Questions that are most probably top of mind for a multitude of foreign investors is ‘Why South Africa and why now?’, and one could be forgiven for being unsure as to the answer.
It is no secret that the South African markets have been in a state of flux. In his first SONA last year, Cyril Ramaphosa promised “a major push this year to encourage significant investment in the economy”. Pivotal to this push, foreign investment from firms and individual investors outside of our borders was necessary. But, taking into account the dismal financial results reported by Moody’s in Q1 2019, will President Ramaphosa be able to make the necessary changes and reforms to help economic growth accelerate to as high as 3% by 2022?
According to the group, in a macro-analysis released at the beginning of June 2019, the odds that South Africa may experience a technical recession are high. This, in a large part, can be contributed to the widespread power outages experienced so far in 2019 that have had substantial negative ripple-effects, particularly for the mining and manufacturing sectors.
The task of resuscitating South Africa’s economy is certainly an onerous one, with the reality being that now is the time to dig deep as a country and harness all available resources. But it isn’t all doom and gloom on the investment front. With the recent ANC election win, under the leadership of Ramaphosa, hopes are high for renewed reforms that could potentially tackle the unemployment rates and provide a re-energised push to ignite growth.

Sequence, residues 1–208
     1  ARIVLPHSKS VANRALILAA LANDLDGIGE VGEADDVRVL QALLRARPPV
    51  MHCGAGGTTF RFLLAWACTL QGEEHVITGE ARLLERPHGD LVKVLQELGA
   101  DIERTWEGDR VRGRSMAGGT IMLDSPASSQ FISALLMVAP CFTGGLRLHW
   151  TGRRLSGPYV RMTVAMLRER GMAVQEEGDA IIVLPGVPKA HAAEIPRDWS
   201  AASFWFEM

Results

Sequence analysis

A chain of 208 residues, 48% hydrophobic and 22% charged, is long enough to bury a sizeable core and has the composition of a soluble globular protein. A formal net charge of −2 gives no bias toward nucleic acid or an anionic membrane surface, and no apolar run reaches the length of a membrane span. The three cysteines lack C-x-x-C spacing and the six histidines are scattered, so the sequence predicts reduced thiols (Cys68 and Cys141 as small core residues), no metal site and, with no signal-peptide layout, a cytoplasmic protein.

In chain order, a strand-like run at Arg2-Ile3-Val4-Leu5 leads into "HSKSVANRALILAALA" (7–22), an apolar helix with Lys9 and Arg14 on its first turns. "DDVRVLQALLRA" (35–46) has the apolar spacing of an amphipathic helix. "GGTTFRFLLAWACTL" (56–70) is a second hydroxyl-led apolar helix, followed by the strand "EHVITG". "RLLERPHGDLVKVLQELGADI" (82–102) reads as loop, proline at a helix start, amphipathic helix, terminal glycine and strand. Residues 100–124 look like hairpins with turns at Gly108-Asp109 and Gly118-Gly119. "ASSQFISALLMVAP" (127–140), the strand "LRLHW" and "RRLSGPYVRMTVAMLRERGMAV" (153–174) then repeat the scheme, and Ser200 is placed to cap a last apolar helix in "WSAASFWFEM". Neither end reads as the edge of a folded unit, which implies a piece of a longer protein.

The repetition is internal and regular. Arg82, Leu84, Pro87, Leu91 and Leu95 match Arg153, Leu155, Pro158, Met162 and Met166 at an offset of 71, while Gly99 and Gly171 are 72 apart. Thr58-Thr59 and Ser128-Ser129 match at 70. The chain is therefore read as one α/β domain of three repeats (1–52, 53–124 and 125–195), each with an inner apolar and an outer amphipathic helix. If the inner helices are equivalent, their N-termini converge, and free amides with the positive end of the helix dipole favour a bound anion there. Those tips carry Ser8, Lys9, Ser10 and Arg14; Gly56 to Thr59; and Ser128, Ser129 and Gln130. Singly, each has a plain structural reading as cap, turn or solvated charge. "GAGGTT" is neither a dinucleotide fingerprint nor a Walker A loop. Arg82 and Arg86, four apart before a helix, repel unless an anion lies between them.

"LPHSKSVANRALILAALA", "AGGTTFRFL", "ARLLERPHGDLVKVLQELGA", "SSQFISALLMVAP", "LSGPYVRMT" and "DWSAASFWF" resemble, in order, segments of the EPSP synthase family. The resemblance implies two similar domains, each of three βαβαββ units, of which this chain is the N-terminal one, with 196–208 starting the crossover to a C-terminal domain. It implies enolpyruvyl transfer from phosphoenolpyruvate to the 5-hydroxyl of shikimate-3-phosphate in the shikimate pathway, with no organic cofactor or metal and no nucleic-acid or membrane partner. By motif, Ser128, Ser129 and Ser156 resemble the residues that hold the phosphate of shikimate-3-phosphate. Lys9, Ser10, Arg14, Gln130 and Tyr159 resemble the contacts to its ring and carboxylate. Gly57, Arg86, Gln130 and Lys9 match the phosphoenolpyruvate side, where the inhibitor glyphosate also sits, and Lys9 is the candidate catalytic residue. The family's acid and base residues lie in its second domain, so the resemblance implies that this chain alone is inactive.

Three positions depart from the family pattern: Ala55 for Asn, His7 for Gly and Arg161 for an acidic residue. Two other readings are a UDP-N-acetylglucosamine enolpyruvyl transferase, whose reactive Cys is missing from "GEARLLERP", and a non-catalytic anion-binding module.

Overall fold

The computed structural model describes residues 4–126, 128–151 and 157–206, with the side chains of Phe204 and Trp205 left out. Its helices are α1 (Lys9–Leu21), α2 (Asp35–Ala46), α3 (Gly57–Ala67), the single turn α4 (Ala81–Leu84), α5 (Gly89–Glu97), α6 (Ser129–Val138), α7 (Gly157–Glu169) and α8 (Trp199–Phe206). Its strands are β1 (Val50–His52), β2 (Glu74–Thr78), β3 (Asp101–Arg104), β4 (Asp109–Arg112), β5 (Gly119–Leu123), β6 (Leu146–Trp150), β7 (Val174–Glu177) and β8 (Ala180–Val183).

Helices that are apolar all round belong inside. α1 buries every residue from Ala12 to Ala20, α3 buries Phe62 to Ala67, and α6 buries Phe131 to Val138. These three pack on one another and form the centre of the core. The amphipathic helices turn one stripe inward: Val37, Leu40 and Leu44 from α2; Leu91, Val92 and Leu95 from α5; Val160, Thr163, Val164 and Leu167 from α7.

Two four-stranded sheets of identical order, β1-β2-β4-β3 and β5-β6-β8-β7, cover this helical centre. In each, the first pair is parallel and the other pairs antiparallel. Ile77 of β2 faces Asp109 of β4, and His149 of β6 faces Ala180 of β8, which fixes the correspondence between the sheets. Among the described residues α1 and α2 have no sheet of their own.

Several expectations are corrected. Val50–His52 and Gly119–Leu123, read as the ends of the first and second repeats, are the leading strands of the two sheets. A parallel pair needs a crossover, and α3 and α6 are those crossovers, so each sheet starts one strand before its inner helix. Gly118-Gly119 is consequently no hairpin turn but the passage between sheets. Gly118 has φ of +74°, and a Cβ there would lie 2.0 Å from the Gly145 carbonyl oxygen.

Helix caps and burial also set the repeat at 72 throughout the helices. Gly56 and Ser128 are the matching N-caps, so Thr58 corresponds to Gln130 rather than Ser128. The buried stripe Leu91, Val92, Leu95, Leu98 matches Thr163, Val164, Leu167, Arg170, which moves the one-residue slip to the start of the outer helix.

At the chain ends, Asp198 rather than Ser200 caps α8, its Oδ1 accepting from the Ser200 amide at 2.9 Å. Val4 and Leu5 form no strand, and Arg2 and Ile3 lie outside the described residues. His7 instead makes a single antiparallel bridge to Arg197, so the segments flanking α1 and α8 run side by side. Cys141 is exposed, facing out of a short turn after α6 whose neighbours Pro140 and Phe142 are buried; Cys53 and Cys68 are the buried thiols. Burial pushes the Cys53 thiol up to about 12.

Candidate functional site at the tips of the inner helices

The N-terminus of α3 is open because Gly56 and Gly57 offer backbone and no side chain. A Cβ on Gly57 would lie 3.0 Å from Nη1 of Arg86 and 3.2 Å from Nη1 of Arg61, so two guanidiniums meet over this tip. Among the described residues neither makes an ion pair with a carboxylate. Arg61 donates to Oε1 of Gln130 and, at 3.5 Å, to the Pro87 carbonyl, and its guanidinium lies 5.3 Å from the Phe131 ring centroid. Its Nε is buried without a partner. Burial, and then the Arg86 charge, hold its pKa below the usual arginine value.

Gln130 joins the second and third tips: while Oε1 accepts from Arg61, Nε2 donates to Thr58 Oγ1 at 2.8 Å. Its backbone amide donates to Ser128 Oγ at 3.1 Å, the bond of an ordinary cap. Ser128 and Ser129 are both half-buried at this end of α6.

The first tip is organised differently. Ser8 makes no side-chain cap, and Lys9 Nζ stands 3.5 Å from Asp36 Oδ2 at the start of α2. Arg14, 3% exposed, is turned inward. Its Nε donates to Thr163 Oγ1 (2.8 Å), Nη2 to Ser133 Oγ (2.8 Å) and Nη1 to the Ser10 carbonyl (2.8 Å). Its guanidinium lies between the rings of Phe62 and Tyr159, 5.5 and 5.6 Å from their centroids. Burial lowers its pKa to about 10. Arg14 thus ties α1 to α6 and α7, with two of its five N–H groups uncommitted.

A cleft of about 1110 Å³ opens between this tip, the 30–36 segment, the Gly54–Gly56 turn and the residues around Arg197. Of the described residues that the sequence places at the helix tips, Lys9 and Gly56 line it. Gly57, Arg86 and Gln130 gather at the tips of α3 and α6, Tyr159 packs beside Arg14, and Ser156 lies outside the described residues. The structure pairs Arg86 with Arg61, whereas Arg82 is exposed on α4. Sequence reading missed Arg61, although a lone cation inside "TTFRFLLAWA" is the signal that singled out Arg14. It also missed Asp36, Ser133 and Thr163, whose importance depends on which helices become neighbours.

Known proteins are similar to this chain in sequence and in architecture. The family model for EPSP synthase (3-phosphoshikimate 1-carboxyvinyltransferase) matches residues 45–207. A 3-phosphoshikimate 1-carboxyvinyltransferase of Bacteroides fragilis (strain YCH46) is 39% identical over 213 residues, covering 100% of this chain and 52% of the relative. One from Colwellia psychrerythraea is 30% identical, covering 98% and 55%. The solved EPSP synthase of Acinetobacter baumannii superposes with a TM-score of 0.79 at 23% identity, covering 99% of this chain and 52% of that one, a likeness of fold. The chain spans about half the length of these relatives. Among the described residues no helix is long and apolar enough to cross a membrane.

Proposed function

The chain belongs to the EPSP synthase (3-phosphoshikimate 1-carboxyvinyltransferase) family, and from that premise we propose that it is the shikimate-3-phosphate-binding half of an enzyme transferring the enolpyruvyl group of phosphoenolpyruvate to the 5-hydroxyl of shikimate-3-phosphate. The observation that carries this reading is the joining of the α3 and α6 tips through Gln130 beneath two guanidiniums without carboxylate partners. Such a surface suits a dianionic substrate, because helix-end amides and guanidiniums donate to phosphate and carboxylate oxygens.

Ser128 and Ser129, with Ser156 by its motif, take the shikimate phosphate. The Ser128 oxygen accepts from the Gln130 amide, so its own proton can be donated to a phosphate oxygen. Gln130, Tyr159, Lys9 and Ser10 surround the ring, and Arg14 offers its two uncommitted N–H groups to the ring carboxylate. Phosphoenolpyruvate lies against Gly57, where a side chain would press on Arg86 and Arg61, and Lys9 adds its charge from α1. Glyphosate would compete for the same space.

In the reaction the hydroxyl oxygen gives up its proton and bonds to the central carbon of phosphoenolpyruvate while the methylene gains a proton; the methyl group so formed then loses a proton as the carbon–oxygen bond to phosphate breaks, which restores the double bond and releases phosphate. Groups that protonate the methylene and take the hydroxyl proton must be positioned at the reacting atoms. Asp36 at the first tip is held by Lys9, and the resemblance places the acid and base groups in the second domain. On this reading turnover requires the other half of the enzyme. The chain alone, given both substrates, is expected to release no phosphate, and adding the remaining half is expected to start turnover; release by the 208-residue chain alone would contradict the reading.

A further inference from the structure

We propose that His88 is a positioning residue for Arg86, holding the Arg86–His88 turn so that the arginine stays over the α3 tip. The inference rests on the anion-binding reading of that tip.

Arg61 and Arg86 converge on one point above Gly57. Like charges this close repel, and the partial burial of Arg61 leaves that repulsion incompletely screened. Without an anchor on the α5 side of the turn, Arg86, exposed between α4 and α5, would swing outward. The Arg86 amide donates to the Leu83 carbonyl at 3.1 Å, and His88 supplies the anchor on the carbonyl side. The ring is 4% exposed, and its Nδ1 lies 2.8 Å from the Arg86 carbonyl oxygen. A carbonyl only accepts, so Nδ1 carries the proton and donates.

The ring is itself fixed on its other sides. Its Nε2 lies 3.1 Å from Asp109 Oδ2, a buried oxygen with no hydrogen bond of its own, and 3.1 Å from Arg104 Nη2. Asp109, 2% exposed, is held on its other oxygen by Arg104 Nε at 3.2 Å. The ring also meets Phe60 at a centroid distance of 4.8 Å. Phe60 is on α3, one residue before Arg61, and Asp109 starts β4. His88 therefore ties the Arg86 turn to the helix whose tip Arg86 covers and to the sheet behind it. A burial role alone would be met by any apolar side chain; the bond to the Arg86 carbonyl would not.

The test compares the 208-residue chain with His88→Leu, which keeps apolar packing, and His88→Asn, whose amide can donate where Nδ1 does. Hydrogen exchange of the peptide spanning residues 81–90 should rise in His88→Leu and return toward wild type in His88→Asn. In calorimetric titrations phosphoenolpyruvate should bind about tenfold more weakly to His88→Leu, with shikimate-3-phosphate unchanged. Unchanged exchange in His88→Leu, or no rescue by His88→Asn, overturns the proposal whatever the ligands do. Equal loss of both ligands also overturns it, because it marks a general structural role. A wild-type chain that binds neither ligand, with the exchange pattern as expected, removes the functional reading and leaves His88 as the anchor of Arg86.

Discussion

Whilst financial markets are generally positive towards South Africa at the moment, an underlying sentiment that seems to be weighing on investors is whether government can effectively address the Eskom issue. After more than a decade of increasingly slow growth, and an exponential rise in joblessness, immediate policy priorities from Ramaphosa are a crucial first step to addressing South Africa’s complex economic challenges.
So, the question still remains – Why South Africa and Why Now?
The outcome of the election has been in line with market expectations and sentiment towards South African markets remains tentatively positive. The announcement of a drastically smaller, reshuffled cabinet this month is also bound to alter our economic course. Add to that Moody’s decision to skip the much-anticipated assessment of SA’s sovereign credit rating until November 2019, and it seems that for now, South African markets have been granted a reprieve, albeit a small one.
The Rand is expected to weaken over the next few weeks both in terms of the USD and the Pound rate, but the dominant position of the South African economy on the African continent, and the liquidity of the Rand on international markets still make the ZAR the currency of choice for investors seeking African exposure.
Although things look precarious, investors shouldn’t throw in the towel just yet. A look at analysts’ consensus forecasts (according to Thomson Reuters) on individual shares (based only on price forecasts, i.e. excluding dividends and adjusted according to their weight in the index) in the FTSE/JSE Top40, shows that analysts still expect the Top40 Index to be trading 21.6% higher from current levels (48 465 as at 28 May 2019).
As the famous John Templeton said, “Bull markets are born on pessimism, grown on scepticism, mature on optimism, and die on euphoria. The time of maximum pessimism is often the best time to buy, and the time of maximum optimism is often the best time to sell.”